While I'm inclined to lean your direction on education, our brains are largely shaped by these courses whether we think we use them or not. Some classes are simply more about having an educated, cultured populace rather than it being directly useful to your potential career; which you wouldn't have known what you're good at or not had you not taken these courses and done good or bad at them. English as a whole is ridiculously important though. Having good grammar, punctuation, and vocabulary is paramount to good, reasoned conversation and is necessary in everyday life. Reading literature and finding context clues, using deduction, and being able to turn a piece of literature into a simple summation is just as useful for developing ones critical thinking skills as doing trig proofs. This is coming from a math nerd. My ethics course I took in college really broadened my mind and taught me how to have well reasoned arguments. That is something people need a lot more of honestly.
That's a very strange way to describe exactly what English classes are supposed to be teaching you.
The "English" courses I had to take in college were renamed to "communications" - because that's what it boils down to. It may not matter that you recognize a specific metaphor in a specific book, but it's important that you know how to recognize metaphor in general, lest you always take things literally.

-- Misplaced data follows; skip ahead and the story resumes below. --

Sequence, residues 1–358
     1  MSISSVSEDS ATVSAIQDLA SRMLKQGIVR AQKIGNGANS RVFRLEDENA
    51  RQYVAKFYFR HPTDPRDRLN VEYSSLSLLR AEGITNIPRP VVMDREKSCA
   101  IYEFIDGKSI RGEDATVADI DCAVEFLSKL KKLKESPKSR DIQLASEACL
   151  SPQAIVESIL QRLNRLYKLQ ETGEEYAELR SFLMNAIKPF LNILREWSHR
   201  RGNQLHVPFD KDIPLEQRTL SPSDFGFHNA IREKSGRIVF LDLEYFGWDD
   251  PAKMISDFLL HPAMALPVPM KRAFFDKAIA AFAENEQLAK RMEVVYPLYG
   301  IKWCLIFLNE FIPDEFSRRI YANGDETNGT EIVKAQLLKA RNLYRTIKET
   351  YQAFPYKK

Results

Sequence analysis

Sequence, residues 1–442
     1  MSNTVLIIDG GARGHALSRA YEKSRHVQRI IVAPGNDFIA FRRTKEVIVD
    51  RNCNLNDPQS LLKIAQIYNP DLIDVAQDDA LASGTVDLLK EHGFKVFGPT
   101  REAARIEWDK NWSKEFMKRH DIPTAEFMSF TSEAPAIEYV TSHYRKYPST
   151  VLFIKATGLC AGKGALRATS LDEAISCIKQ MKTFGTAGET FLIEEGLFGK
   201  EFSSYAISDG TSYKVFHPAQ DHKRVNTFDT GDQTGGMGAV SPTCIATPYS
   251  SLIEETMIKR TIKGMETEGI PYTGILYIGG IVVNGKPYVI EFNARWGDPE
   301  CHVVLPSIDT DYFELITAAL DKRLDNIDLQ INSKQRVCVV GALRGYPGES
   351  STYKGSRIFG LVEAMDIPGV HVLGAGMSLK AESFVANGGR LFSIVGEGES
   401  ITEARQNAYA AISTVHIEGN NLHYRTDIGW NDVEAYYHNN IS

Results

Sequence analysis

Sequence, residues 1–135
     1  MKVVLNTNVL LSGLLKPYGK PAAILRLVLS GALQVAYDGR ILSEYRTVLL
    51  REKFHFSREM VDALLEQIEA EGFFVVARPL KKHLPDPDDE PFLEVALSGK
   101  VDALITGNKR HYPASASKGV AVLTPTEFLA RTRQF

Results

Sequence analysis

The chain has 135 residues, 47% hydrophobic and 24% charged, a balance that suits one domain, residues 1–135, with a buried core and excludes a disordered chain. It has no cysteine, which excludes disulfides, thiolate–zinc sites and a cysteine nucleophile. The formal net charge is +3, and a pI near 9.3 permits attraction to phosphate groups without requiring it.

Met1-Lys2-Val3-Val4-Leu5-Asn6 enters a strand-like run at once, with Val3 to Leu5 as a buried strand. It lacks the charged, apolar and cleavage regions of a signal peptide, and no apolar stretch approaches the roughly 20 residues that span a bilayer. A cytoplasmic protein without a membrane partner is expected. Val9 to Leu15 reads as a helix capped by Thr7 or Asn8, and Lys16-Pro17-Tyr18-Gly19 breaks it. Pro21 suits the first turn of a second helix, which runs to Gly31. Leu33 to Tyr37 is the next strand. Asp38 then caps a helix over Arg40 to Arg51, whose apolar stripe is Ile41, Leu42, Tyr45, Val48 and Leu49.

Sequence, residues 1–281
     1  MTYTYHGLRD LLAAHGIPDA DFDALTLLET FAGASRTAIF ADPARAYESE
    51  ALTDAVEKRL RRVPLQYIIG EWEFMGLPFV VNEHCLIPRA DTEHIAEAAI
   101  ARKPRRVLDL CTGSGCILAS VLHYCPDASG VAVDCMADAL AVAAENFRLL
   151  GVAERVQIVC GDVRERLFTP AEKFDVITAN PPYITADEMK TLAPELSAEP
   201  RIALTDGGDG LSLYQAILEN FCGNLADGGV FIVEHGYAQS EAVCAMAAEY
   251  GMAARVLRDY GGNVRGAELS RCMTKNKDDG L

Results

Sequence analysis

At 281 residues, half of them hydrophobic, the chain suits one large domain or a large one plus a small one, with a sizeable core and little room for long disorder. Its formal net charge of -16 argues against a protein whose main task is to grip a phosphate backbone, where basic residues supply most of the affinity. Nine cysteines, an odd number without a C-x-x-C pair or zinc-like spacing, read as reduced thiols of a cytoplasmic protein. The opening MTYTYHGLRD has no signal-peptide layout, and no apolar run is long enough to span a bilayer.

I don't know where you are in life, but I pretty often find myself in situations where communications skills end up being very important- and I don't consider myself great in that area, nor do I work in anything that sounds like literary devices would come in handy - but that's how business works. Poor communications make for bad business. (Anyone who's ever been upset that a video game didn't work as they wanted while the dev was quiet about it can back me up on that one.)